In a perfect world, the Ebola virus raging in 3 countries in West Africa could be contained in a few days and ended in 2 weeks. The incubation period of the virus from first contact to the time symptoms are visible is from 2 to 21 days. Until the symptoms start one is not contagious. Death occurs within 2 weeks after symtoms begin, or else you survive. The death rate is around 60%. So, if all those with symptoms could immediately be isolated or brought to a hospital, the virus would be contained. All that is needed for containment is a room to put the patient in with nobody allowed in unless due protections are taken. That is the perfect case.
Now to reality. The big problem in Liberia in particular is that nobody really trusts the government or the medical system – the former is perceived as corrupt, and the latter is known to be ineffective. People are therefore not reporting themselves into the hospitals when they know or suspect they have symptoms or have been in contact with someone with symptoms. Why go to hospital, endure the stigma, and get no treatment when you can wait it out and see if you heal naturally? So, where does the $20M come in? Can we not provide an incentive for people to get tested? How about a $1000 gift to all those who come in as soon as they get symptoms? That amount is a lot of money for many poor people in Liberia. Many would reason that there is a chance they are dying, so why not leave money behind for loved ones? Family members who may gain the $1000 upon the death of their relative may see an incentive to encourage that relative to go to the hospital to check in. Also, if the payment is administered properly, admittedly a big if, some respect may return to the hospitals. Plus, is that not a humane thing to do – giving some money to poor dying people while solving a national calamity at the same time? The loss of economic activity in Liberia and all of West Africa, which is suffering by association, is certainly in excess of the $20M. Why $20M? The World Health Organization WHO predicts that 20,000 people may be infected at the peak of the crisis even in the best scenario. $1000 for 20,000 people gives you the $20M. Perhaps some economics can help solve this major medical problem.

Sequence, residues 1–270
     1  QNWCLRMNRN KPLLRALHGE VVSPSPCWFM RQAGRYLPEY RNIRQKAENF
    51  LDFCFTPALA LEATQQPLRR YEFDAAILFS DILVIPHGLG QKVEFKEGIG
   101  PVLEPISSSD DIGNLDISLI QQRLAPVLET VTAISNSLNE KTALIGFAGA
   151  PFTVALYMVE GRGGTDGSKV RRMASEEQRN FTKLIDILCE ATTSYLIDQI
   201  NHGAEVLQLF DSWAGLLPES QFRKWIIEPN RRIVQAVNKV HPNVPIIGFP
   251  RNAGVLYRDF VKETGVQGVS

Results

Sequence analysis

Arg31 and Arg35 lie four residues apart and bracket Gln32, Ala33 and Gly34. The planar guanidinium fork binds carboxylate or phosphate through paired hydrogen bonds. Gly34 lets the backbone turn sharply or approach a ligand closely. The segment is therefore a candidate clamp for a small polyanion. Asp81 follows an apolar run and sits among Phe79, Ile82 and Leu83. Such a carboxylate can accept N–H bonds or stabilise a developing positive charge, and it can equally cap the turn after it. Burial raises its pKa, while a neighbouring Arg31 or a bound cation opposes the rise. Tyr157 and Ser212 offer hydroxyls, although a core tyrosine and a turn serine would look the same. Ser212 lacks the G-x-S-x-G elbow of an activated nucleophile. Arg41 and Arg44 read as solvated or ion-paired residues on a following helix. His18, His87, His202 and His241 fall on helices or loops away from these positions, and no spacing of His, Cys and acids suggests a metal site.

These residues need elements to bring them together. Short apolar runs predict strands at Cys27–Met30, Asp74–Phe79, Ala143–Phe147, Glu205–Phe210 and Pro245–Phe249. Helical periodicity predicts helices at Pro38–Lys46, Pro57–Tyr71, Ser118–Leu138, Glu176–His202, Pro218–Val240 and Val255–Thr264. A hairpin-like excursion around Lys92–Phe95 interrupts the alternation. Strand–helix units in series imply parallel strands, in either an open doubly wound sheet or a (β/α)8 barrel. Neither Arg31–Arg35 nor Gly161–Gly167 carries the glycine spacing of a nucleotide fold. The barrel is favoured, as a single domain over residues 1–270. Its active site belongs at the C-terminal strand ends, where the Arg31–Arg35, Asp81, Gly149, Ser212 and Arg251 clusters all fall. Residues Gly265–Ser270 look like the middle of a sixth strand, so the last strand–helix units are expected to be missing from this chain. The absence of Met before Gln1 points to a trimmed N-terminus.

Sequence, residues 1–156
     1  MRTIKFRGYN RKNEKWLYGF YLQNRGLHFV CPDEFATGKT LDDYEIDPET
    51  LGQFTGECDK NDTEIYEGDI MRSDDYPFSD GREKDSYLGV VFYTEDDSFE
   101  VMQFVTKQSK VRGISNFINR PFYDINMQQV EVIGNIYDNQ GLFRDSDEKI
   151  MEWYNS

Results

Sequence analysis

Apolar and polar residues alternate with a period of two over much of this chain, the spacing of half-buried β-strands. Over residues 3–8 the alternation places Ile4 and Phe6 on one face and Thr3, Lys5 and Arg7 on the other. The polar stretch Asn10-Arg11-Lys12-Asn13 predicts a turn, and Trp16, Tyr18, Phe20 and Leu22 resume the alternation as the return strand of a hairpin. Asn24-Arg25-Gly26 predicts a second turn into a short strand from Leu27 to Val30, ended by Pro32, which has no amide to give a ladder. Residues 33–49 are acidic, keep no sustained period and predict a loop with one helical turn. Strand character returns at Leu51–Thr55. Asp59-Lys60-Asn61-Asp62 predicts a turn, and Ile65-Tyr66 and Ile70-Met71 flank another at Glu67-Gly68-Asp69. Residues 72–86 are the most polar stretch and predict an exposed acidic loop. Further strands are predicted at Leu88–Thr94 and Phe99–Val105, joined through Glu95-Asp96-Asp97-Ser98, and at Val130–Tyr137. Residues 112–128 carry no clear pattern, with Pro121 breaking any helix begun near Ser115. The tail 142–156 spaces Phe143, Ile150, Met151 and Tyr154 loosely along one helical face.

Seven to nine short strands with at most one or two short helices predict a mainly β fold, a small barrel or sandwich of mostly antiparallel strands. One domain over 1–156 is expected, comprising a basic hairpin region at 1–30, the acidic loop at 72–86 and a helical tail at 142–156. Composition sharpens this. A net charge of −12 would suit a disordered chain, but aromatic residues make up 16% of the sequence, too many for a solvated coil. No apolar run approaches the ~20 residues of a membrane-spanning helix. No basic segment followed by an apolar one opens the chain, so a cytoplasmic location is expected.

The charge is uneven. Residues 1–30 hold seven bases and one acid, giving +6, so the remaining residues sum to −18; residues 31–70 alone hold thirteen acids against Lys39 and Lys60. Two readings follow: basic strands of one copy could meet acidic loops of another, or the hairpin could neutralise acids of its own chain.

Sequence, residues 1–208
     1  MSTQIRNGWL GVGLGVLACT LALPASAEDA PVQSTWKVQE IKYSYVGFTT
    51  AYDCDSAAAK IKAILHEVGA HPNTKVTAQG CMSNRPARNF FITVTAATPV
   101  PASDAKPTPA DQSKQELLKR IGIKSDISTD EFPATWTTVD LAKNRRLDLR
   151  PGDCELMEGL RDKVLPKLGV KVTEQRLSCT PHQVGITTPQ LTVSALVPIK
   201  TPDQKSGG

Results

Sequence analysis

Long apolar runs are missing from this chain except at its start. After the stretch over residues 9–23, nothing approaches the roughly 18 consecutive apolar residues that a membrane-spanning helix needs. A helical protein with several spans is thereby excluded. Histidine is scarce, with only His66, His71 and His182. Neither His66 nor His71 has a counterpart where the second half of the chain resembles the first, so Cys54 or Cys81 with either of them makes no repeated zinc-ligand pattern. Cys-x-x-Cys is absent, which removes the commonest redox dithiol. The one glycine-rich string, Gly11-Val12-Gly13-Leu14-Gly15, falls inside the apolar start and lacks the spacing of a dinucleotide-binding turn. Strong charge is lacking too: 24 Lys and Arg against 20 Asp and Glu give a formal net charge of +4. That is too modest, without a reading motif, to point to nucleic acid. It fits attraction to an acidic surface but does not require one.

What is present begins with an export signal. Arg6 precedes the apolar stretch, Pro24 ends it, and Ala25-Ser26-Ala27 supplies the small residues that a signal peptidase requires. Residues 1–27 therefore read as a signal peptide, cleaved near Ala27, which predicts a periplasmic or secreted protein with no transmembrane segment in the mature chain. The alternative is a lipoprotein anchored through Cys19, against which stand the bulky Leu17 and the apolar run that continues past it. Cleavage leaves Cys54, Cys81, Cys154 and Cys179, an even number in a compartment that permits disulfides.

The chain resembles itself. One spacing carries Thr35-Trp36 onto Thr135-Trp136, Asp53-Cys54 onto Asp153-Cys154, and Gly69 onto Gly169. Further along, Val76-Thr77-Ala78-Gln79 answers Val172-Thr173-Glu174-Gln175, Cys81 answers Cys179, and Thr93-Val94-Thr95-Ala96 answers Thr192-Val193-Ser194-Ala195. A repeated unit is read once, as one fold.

Some questions you may be asking. Question: Why give money for this disease but not others? Answer – There is a major negative externality here – people do not consider the effects on others of their behavior. In particular their decision not to get treatment affects not only themselves but also others. Question: Isn’t $20M a large number for a poor nation? Answer: Aid agencies are sloshing around much larger amounts. Of course there are many details which will need to be worked out – the amount, the administration, etc. But the principle is one that may be very helpful.